Social finance comes back to life with stimulus



China’s total social financing rebounded strongly in May. The dawn is about to break in terms of credit stabilization as the domestic COVID-19 situation has started to ease, the country is promoting the resumption of work and production in many places, and the financial institutions strengthen support for the real economy.

Newly added total social financing, or additional TSF, was 2.79 trillion yuan ($417.56 billion) in May, up 837.8 billion yuan from the same period a year earlier. . The amount was the second highest recorded for the period over the years. TSF outstandings increased by 10.5% year-on-year, up 0.3 percentage points from the previous month.

In May, TSF’s growth structure was relatively balanced in terms of asset classes. Credit financing growth was 365.9 billion yuan higher than the previous month. The increase in direct financing and off-balance sheet financing were an additional 444.3 billion yuan and an additional 81 billion yuan, respectively.

TSF’s good performance in May mainly benefited from the following factors.

First, according to TSF’s statistical calculations, the newly added credit to the balance sheet was 1.82 trillion yuan, 0.39 trillion yuan more than the previous year. It is likely that the accelerated approval of some project loans, which were previously delayed due to the impact of the pandemic, drove the strong growth in on-balance sheet credits in May as works and production gradually resumed.

Second, the acceleration in government bond issuance led to an increase in year-on-year growth in direct funding, creating quite solid support for TSF in May.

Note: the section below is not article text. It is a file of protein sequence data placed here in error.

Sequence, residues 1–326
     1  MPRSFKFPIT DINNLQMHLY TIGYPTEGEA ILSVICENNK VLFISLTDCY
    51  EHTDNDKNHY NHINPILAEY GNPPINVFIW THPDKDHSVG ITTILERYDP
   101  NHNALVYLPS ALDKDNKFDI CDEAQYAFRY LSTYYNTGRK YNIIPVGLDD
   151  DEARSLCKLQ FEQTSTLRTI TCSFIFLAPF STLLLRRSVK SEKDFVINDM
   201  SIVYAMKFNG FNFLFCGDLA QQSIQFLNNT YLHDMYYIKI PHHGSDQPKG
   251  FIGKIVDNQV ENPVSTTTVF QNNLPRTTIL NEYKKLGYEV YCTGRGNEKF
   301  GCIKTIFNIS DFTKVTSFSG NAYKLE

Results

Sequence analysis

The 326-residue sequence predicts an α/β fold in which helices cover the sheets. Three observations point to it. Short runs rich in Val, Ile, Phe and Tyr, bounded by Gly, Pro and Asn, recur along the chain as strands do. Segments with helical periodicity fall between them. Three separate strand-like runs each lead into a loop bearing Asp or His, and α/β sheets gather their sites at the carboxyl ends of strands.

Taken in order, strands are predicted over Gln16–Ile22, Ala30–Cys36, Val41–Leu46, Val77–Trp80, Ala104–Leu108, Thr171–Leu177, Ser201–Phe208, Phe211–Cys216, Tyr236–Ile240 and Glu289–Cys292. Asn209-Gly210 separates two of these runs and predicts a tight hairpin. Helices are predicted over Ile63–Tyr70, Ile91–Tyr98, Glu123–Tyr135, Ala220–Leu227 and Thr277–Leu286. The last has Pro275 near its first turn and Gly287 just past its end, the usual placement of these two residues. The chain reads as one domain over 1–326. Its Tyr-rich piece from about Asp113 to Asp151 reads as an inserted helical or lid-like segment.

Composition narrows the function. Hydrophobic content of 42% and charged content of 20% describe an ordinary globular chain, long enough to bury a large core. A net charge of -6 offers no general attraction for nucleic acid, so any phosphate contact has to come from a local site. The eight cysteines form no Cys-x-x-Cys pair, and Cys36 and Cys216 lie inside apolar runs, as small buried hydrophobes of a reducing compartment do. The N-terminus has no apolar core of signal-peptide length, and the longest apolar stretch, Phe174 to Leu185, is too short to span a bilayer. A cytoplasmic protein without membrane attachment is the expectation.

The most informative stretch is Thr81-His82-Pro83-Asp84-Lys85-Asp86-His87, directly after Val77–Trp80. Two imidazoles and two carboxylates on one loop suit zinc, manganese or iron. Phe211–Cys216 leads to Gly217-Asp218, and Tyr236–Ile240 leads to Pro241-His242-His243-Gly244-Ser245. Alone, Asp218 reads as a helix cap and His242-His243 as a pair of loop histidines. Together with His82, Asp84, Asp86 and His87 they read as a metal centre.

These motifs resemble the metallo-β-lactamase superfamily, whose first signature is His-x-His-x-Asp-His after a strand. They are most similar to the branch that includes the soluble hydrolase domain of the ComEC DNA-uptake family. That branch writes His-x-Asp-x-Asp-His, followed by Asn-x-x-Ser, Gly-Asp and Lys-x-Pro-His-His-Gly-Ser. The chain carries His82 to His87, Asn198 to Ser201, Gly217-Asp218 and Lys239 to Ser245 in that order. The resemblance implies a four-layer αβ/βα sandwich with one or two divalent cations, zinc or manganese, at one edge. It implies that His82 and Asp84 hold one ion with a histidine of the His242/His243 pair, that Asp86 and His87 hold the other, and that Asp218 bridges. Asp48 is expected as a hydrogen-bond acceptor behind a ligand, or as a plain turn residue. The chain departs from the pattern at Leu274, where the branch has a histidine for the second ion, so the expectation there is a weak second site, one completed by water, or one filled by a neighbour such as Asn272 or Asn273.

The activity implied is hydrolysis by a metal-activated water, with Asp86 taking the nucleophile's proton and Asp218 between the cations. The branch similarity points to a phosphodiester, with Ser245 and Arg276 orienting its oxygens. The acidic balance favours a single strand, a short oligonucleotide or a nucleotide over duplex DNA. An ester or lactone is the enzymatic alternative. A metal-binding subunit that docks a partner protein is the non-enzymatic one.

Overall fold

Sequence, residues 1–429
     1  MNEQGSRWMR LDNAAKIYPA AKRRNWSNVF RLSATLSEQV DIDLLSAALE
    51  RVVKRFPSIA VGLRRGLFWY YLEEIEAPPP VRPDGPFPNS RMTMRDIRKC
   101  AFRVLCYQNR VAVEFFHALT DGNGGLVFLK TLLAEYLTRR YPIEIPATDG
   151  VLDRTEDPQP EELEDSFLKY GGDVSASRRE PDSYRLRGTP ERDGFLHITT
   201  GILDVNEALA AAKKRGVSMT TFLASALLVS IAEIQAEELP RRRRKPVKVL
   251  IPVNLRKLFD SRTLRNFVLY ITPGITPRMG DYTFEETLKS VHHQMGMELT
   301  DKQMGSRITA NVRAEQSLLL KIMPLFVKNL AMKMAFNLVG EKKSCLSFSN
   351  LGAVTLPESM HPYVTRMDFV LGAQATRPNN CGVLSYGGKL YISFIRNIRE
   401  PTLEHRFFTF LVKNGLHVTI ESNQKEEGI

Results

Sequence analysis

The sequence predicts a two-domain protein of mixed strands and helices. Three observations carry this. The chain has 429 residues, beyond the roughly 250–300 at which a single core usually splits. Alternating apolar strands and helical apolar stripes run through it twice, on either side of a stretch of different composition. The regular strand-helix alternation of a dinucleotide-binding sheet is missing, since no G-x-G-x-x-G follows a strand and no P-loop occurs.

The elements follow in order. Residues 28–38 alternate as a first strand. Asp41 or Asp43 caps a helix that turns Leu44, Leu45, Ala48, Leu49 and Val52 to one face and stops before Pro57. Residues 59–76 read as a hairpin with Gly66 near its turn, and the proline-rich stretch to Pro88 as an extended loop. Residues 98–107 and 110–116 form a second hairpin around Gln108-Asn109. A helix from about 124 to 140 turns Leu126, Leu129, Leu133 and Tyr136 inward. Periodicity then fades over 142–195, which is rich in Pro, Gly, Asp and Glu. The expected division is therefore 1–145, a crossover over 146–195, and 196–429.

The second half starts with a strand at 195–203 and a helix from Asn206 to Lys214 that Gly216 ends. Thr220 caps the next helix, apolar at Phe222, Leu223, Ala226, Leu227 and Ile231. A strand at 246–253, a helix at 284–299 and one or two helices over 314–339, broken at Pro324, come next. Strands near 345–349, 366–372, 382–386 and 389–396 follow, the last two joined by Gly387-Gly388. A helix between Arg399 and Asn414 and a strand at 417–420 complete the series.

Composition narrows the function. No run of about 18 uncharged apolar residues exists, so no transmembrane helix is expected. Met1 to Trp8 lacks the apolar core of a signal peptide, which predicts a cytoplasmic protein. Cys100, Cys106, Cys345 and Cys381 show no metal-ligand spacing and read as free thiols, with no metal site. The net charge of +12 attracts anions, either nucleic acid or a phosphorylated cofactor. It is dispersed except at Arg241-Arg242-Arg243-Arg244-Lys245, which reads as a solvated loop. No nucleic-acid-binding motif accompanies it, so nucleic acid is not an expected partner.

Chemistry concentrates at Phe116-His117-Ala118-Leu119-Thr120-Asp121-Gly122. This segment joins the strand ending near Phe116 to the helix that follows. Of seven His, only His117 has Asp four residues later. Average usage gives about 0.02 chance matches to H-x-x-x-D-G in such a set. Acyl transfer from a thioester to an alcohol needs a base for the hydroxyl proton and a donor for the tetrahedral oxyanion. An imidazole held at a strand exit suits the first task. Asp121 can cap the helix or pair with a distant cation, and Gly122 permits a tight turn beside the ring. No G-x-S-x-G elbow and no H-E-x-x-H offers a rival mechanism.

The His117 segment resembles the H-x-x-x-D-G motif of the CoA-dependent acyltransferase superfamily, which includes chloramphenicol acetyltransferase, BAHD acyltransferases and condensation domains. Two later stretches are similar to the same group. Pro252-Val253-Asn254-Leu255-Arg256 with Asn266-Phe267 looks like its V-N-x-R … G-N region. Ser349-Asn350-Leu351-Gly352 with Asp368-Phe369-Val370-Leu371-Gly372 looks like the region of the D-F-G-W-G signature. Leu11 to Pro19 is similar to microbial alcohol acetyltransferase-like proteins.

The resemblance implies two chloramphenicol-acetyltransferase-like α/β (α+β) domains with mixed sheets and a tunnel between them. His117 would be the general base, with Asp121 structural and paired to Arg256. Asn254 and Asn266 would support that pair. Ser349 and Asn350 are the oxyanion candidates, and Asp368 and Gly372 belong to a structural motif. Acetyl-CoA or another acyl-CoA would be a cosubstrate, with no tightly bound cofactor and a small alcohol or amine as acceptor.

Net financing through government bonds hit 1.06 trillion yuan last month, up 389.9 billion yuan from May a year earlier. The Ministry of Finance has repeatedly stated that issuance of the majority of new local government special bonds is expected to be completed by the end of June, which has spurred the acceleration of government bond issuance.

Third, reductions in off-balance sheet loans and trust loans slowed, strengthening the TSF to some extent in May. Entrusted loans decreased by 13.2 billion yuan and trust loans by 61.9 billion yuan. The total reduction was 95.2 billion yuan lower than the same period of 2021.

Under increased economic pressure since the beginning of the year, the enforcement efforts of financial regulators could be relaxed slightly periodically. From January to May, the total reduction in off-balance sheet loans and trust loans was lower by 426.7 billion yuan year-on-year, supporting TSF.

New financing of on- and off-balance sheet bills amounted to 606.1 billion yuan last month, well above that of May last year and the average annual amount seen from 2017 to 2021.

China is increasing its influence to further step up its efforts to help companies ease financing and fundraising difficulties.

Last month, new yuan loans reached 1.89 trillion yuan, up 392 billion yuan year-on-year. Companies have used short-term loans and bonds to increase their financial leverage. Growth in medium and long-term loans to businesses and growth in loans to households, although lower than the same period last year, improved slightly compared to April.

Household credit remained weak but recovered slightly due to the gradual easing of COVID-19 prevention and control measures, lower mortgage rates and the impact of policies aimed at stimulating consumption .

Year-on-year growth in household loans in May fell 334.5 billion yuan, better than April’s figure, which fell 745.3 billion yuan. The improvement may be due to three positive changes.

First, the better anti-COVID-19 situation has to some extent reduced the negative impact on residents’ immediate consumption and income.